“The teaching profession can be improved by helping teachers be more productive. As in every industry before it, education can improve productivity by turning to technology,” Chubb writes. “Reconfiguring schools to use teachers and technology to the best of their respective abilities could transform teaching.”
If Chubb’s work history has led him to such enlightened views, we should covet the diverse experience he brings to NAIS—not denounce it.
To learn more about Chubb’s views and goals for the future, I requested an interview. He responded almost immediately.
I’m elated that Chubb is fully committed to working with teachers, not just administrators and trustees, to improve the quality of independent schools.
“There’s historically been something of a division of labor—not a clear one, but something of a division of labor, with NAIS focusing more on school leaders and trustees,” he says. “On the other hand, NAIS has also done a bunch of things for teachers, especially in recent years. If I am able, I will accelerate that.”
Chubb also speaks with me about what it takes to keep good teachers on the job.
“The main reason that people stay in a school, and they’re loyal to a school, is the environment that’s created, the work environment that’s created,” he says. “That begins with the head of the school. Very successful heads, very successful principals, create environments in which collegiality is valued, in which teachers are supported when they struggle.”
To benefit all students, I have long felt that independent schools should continue to learn from and share ideas with the wider education community. I’m happy Chubb agrees: “Nobody has a monopoly on good ideas. Independent schools can learn from public and charter. Public schools can learn from charter and independent,” he says. “What I would like to see is a conversation that involves all of the sectors.”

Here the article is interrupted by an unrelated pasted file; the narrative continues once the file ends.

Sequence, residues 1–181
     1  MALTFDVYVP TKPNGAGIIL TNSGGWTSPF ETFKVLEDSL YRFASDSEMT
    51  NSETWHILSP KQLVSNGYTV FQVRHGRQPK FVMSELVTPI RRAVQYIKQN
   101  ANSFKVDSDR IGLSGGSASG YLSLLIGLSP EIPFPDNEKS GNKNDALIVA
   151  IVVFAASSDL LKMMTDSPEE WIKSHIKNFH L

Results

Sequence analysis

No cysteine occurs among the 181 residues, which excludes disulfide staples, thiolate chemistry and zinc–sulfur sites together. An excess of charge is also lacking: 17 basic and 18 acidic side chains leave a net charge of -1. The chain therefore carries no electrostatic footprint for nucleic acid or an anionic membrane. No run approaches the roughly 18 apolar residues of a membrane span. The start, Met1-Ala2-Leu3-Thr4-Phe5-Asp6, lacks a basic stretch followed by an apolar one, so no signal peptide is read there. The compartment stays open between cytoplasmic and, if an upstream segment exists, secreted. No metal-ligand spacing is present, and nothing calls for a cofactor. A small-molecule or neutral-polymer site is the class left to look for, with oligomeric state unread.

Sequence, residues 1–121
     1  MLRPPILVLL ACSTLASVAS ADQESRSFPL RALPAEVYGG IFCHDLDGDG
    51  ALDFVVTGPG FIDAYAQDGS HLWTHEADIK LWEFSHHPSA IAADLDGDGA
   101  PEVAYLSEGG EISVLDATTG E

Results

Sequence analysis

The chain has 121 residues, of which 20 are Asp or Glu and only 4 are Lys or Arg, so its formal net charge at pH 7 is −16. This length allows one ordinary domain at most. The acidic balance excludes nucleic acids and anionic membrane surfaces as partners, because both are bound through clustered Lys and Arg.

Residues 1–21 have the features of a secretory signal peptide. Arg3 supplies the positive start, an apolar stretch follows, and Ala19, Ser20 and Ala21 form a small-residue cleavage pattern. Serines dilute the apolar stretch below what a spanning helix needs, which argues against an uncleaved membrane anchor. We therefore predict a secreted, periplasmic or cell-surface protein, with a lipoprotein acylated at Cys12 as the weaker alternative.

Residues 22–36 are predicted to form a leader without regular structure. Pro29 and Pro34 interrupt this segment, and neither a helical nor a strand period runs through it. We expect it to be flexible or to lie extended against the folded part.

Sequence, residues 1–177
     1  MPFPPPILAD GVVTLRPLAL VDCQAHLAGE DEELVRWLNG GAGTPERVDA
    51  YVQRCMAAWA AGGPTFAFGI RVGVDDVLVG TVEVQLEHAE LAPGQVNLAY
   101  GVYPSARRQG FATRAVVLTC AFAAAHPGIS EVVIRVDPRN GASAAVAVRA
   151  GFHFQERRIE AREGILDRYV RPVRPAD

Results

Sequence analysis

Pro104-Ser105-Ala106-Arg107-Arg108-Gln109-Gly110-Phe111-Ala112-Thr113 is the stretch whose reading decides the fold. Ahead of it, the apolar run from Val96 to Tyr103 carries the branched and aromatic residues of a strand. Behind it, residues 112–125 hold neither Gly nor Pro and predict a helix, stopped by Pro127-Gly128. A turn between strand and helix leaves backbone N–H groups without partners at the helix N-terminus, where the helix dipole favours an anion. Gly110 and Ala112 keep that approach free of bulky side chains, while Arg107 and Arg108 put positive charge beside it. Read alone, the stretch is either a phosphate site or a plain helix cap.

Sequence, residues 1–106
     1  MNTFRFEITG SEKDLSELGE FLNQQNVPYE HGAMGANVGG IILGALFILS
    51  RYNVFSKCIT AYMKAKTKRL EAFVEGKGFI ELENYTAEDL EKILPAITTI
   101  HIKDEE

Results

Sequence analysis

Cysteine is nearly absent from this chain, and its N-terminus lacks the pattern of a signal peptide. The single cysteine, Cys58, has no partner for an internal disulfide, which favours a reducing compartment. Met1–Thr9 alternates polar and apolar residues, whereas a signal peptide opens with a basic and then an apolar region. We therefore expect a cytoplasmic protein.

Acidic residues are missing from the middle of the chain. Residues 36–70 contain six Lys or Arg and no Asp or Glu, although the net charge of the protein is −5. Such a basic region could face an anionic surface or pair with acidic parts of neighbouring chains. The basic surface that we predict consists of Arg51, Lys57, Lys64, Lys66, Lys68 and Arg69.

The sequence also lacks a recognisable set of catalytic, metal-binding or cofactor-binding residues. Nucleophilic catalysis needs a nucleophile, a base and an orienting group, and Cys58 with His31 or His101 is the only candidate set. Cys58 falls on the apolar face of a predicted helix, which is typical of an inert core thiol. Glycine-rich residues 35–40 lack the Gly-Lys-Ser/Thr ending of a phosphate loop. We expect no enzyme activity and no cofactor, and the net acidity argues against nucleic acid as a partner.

Before we part ways, I ask Chubb how he has coped with criticism for being tapped as NAIS President—not just from Gow, but also other educators in blogs and forums.
“I’ve been in the idea business, more or less, my whole life,” he says. “When you’re in that business, doing research and bringing forth ideas, if the ideas are worth paying attention, some people are going to like them and some are not. Debate about new ideas is very, very healthy. I feel fortunate to have been part of the development of ideas that have generated conversation. I welcome feedback. I accept criticism. That’s part and parcel of healthy debate and how we make progress.”
These are the characteristics of a true leader. From what I sense, Chubb could not be more humble or genuine, even in his eagerness to hear diverging ideas on the future of independent schools.
“The independent schools have the greatest virtue that anyone could want as we face the future, which is freedom, autonomy, independence, the ability to make your own decisions and shape your own future,” he says.
I’m extremely proud to offer Chubb my complete support. He leads with tremendous wisdom and integrity, and I can’t wait to see how he helps foster a bright tomorrow.